I might have mentioned here a few times how I try to avoid reading fitness blogs etc as I find they put me in a bad headspace. I’ve gradually pared back my exposure to them to the extent that I don’t even read the Powerlifting Women group I’m in on Facebook any more (although I’m still a member – I’ve removed it from my newsfeed). I still read the GBPF Facebook group, but mostly because I run my club’s website & need to share info to the GBPF from there.
But because I’m Facebook friends with a lot of powerlifters (mostly ladies I’ve met though the British championships) I still see articles about “female fat loss”, diet, this-food-is-bad etc put into my timeline. I don’t want to unfollow all the women I’ve met as they’re all awesome, but it does make me feel like I’m a lone anomaly in powerlifting terms, that I don’t want to lose loads of body fat and I don’t want to read what (noted misogynist) Jim Wendler has to say today etc etc.
I’m sure in powerlifting terms this makes me some kind of “pussy” (sigh) but fuck it.
My Twitter timeline is more tightly curated than my Facebook, but even then I have days when I read stuff on there that gives me pause. I like to think that my Tweets (and this blog!) make it pretty clear where I stand on the political/social spectrum, but maybe they don’t? Maybe this is one of those things you have to spell out.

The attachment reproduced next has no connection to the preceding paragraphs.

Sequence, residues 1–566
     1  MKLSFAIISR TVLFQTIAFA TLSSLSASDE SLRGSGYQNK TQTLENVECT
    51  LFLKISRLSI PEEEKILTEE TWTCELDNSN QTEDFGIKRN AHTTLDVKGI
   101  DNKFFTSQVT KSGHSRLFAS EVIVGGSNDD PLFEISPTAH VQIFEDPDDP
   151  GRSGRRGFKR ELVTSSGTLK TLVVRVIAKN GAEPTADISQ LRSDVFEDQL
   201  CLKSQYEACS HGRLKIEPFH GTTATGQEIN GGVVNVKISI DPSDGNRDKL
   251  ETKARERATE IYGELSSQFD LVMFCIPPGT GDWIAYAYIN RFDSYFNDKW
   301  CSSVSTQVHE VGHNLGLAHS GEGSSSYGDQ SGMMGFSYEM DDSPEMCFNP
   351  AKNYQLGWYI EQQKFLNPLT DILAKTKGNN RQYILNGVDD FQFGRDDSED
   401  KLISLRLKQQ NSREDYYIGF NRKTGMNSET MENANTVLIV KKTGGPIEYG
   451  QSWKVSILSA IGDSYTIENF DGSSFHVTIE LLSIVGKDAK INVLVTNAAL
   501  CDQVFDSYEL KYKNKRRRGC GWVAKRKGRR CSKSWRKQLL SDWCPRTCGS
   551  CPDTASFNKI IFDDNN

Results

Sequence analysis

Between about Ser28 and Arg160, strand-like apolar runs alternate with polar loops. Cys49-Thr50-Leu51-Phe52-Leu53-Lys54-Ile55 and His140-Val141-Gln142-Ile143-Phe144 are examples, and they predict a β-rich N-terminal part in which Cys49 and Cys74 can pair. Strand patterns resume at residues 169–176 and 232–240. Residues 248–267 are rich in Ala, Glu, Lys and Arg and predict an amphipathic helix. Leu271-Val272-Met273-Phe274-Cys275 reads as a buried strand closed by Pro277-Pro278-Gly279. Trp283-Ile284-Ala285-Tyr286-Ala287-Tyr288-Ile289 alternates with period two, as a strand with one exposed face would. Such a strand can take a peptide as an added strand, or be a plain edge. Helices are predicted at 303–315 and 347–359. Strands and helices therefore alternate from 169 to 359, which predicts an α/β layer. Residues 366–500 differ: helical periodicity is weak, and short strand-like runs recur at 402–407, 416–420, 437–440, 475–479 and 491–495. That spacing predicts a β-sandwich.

This week what’s been bothering me is people I usually admire espousing anti-feminist sentiment, and a nutritionist whose work I thought I liked (rare!) attacking Dr Linda Bacon & HAES. I guess my Twitter timeline needs even more of a trim.
I’m especially disappointed when people who friended me are anti-feminist. I’ve always tried to make it clear that I’m the angry, intersectional type of feminist; I work in STEM and while I’ve not experienced harassment recently, women’s issues in STEM are very important to me (hence I got pretty cross at the Rosetta shirt debacle and people dismissing it as “not important” or “pathetic”). I’m also (did you guess?) very into the work of body acceptance activists like Ragen Chastain and Hanne Blank.
All of these combine to make existing in the world of powerlifting… awkward. Obviously there’s not a lot of love for body acceptance in powerlifting (especially for women, hence the plethora of “female fat loss” advice); there’s a lot of misogyny too (not just from the men!). I find it hard to be truly myself when I’m in lifting circles. I guess I could keep my head down and not engage with the community, but that would be hard now that I’m a referee and because I do a lot of social media stuff for my gym.
On a positive note, the only fitness group I’m active in now is the Fit Fatties Forum, which is much more kind of place because it’s accepting of not only all body types but all sports. I really really hate the positioning of barbell sports as “superior” to other sports; it’s ridiculous and exclusionary.
I guess you could say I’m an intersectional sportist as well as intersectional feminist 🙂
- Glute & ham raises to warm up
- Deadlifts: worked up to 2 x 2 @ 100kg, then 2 singles @ 105kg
- Bench press: 3 x 3 @ 40kg
- Yates row: 40kg x 7; 35kg, 2 sets of 7 (40kg was too much!)
- Barbell shrugs: 50kg, 3 sets of 7
- More glute & ham raises
Those deadlifts felt so heavy…. I think me & morning training just don’t get on.
Only one more session now until the competition!